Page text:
Wednesday, September 4, 2013

Book Review: Sisterland

Although I couldn't put this novel down (reading it well into the night, two nights running), it still isn't a novel I feel I can recommend wholeheartedly.  There were too many things about it that didn't sit well with me: lesbian relationship, marital infidelity, and not-so-subtly nuanced sex scenes.  There was still value in the story, a complex story of identical twins who are not always identical in their approach to life, but it was muddied a bit.

Daisy and Violet Shramm are unlike others because they possess a strange ability to sense impending danger.  They are also unlike each other.  While Violet wants to maximize her "senses," Daisy (who calls herself Kate to provide distance from their past and their reputations) wants to limit her use of the special gift.  Their relationship is fraught with conflict and it almost seems impossible that they could be identical twins (one a lesbian, the other a suburban mother, one an attention hog, the other a private, self-effacing individual).

So what drives this novel?  After experiencing a minor earthquake, Violet is convinced that her spirit guide, "Guardian," has informed her of the immanence of a more powerful approaching earthquake.  She is interviewed on television and her prediction goes viral.  This, of course, makes Daisy/Kate uncomfortable, especially so since her husband works with scientists who quickly discourage the prediction.   Still, the public is enthralled and although Daisy wants to distance herself from it, she also complies by providing a specific date which she has sensed.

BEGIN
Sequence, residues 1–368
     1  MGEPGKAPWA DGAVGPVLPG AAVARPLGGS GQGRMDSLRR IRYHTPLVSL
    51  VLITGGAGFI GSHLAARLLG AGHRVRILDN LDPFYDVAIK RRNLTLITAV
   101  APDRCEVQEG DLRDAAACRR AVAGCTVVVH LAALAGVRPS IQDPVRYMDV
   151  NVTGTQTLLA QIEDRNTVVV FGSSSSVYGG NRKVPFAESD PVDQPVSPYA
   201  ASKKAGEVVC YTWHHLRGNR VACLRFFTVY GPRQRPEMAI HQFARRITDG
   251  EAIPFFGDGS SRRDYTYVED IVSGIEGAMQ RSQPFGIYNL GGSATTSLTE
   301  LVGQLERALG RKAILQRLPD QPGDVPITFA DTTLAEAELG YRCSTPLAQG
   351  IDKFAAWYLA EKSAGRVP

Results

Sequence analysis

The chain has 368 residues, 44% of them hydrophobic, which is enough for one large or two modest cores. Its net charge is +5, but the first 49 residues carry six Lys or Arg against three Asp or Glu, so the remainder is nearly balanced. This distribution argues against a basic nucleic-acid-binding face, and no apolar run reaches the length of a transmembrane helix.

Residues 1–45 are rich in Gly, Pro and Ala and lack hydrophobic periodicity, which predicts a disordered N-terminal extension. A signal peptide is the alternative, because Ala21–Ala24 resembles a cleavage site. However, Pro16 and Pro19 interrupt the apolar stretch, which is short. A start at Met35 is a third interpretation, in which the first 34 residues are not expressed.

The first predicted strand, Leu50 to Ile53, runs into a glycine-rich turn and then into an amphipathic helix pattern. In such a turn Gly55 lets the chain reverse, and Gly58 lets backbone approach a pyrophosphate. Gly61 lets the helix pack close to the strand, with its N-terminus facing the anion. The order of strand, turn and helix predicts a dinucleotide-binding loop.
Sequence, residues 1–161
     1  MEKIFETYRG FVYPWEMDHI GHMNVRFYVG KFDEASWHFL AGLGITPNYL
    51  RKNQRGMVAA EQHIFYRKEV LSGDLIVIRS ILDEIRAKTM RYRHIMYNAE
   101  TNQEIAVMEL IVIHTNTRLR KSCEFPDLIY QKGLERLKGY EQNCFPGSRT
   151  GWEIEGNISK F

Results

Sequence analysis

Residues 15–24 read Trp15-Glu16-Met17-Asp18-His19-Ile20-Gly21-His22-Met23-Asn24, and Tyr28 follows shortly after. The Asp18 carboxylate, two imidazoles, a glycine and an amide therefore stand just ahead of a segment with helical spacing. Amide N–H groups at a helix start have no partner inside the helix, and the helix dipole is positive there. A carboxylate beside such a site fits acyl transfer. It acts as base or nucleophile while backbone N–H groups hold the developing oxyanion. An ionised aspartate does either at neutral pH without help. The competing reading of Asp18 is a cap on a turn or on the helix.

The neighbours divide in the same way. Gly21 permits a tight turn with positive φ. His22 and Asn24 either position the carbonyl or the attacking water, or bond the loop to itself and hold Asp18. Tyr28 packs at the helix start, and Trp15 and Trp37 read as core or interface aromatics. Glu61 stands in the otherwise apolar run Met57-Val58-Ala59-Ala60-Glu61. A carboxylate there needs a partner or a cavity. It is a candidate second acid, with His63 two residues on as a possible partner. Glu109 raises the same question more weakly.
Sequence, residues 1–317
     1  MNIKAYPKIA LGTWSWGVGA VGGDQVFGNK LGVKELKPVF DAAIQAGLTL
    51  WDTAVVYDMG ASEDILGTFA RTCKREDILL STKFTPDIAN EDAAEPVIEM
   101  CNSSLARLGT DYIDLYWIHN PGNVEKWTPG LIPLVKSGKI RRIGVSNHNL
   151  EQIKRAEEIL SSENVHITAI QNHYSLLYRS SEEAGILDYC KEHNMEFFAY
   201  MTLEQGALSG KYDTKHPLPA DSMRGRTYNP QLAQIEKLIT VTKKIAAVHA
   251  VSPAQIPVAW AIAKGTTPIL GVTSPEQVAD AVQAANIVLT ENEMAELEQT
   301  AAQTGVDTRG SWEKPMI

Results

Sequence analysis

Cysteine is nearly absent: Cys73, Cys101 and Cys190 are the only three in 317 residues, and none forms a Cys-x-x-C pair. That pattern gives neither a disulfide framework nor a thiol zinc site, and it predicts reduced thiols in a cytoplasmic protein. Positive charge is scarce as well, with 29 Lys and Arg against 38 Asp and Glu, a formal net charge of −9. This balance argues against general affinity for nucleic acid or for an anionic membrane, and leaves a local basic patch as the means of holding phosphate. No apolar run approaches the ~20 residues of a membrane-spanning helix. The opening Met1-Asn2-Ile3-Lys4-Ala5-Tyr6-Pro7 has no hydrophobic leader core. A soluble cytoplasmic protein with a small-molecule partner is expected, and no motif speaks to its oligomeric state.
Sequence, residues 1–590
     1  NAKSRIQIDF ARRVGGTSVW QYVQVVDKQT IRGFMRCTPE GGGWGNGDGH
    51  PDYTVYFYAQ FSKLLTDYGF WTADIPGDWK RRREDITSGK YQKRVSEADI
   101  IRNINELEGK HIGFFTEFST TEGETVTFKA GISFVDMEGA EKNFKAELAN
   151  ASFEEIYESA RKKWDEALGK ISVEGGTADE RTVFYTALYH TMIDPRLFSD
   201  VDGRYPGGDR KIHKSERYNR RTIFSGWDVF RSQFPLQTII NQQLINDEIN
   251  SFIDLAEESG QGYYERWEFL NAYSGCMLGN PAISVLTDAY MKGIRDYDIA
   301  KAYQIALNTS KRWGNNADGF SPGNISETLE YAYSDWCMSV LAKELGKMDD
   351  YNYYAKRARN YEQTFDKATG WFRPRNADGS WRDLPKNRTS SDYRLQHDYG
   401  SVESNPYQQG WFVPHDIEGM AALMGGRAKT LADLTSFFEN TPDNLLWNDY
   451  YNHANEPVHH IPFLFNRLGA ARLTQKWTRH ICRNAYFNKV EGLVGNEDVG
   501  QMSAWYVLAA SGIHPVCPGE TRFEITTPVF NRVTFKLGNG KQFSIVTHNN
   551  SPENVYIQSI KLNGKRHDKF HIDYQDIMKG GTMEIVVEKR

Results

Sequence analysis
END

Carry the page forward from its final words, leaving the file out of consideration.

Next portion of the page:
Spoiler alert: I spent most of the novel waiting to find out if the prediction would come true.  Then, when the outcome was revealed, I was still caught up wondering if it would just happen at a later date.  Then, the author increased the suspense level by introducing the marital infidelity (which seemed unrealistic, given that there wasn't a whole lot of spousal friction and the man had just endured a horrendous scene of prejudice).  Would Kate tell her husband about her infidelity or keep it a secret?  Would she end up pregnant by this other man (a situation which would be obvious since he is black and both she and her husband are white)? Would she abort the baby (as one character in the novel does because a test indicated the baby would have Down's Syndrome - another bit where I internally shuddered) or keep it?  Thus, I kept turning pages, despite my discomfort with various aspects of the story line.

I think I was most intrigued by a relatively small scene in the story because it mirrored our experience this summer with my youngest son.  In the story, Kate's daughter develops a swollen eye and ends up in the hospital in critical condition because the infection was not diminishing and could lead to meningitis.  It was wild observing the events unfolding in such a similar manner to what we experienced in the end of July.

So, I can't discount this novel entirely.  It was interesting and compelling enough to keep me reading.  It contained a snippet torn from the pages of my own life experience.  The writing was very good and not muddied further with lots of foul language [someone on FB recently mentioned foul language, but spelled it "fowl" and it took everything I had not to respond with a comment like "Aw, chicken-nuts" - hee-hee!]. The author did a great job of developing and fleshing out the characters.  I just couldn't embrace many aspects of the novel, thus it doesn't get higher marks in my book.

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